June 19, 2014 6:37 AM EDT

If a friendly auditor from the Internal Revenue Service comes calling and you can’t get your hands on all those receipts you’re supposed to keep for seven years, try this: tell them you saved electronic copies on your computer’s hard drive, but it crashed.

That, after all, is the excuse the IRS gave this month to congressional investigators who suspect the agency of politically motivated scrutiny of right-wing nonprofits. A year ago, House Republicans asked the IRS for emails from early 2009 to mid-2013 by the head of its office of exempt organizations, Lois Lerner. After producing tens of thousands of emails over the past year, the IRS admitted on June 13 that an unknown number were unrecoverable because Lerner’s hard drive crashed in June 2011, supposedly vaporizing messages she had sent to people outside the IRS from January 2009 to April 2011. The admission renewed GOP accusations of foul play just as the Tea Party was sifting through mixed results from 2014 primary campaigns and left many wondering where the scandal, which had been fading for weeks, will go next.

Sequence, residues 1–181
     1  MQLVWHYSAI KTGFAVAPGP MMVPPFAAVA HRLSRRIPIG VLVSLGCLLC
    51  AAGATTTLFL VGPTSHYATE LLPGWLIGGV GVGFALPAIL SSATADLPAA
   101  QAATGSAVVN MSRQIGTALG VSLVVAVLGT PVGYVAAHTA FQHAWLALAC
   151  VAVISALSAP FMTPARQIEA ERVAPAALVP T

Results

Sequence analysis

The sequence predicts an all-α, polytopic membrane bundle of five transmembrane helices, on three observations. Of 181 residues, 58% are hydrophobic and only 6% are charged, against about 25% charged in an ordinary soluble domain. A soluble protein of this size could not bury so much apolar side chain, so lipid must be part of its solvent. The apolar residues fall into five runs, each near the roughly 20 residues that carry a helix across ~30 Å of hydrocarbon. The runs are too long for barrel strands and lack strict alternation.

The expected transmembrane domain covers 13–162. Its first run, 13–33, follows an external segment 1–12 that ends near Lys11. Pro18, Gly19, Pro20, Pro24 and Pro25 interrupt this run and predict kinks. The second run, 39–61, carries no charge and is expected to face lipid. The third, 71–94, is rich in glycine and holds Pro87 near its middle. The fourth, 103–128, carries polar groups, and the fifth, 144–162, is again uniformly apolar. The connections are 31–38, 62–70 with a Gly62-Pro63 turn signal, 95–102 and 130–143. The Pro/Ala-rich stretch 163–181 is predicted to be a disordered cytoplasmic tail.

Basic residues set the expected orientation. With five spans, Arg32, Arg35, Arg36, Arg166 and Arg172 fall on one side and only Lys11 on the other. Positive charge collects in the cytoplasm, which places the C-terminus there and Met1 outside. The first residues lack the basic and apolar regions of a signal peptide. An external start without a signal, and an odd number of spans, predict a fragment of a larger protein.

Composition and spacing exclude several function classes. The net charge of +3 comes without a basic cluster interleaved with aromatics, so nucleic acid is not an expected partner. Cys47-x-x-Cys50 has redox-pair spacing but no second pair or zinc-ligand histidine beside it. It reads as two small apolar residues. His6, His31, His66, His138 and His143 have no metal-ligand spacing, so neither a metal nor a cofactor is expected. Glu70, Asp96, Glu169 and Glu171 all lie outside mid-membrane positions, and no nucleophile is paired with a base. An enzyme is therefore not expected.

The ranking Republican on the Senate Finance Committee, Orrin Hatch of Utah, called the IRS admission an “outrageous impediment to our investigation,” while the House GOP demanded that the White House, the Treasury and others scour their records for any potential emails from Lerner that might have been saved on their servers.


Obama officials called talk of foul play “indicative of the kinds of conspiracy that are propagated around this story” and said the top investigator on the case had found “there was no indication” that the slowdown in processing Tea Party nonprofit applications “was politically motivated.”


The IRS said it had spent more than $10 million on GOP-ordered searches and had recovered 24,000 internal Lerner emails from the period of the crashed hard drive. It also said that since the scandal, it had changed its policy of saving digital backup tapes of employee emails for only six months.



Meet the affable House Republican whip from California, who is ready to follow Eric Cantor as majority leader


After winning the lottery at 19, he invested the $5,000 haul in a deli, Kevin O’s. The profits helped pay for business school.


As GOP leader of the California state assembly, McCarthy worked closely with then governor Arnold Schwarzenegger. The two remain tight.


Kevin Spacey shadowed him to prepare for the role of Francis Underwood in the Netflix hit House of Cards. Aides make a point of noting that the murderous Underwood is not based on their boss, though Spacey did use a McCarthy line on the show.

This appears in the June 30, 2014 issue of TIME.

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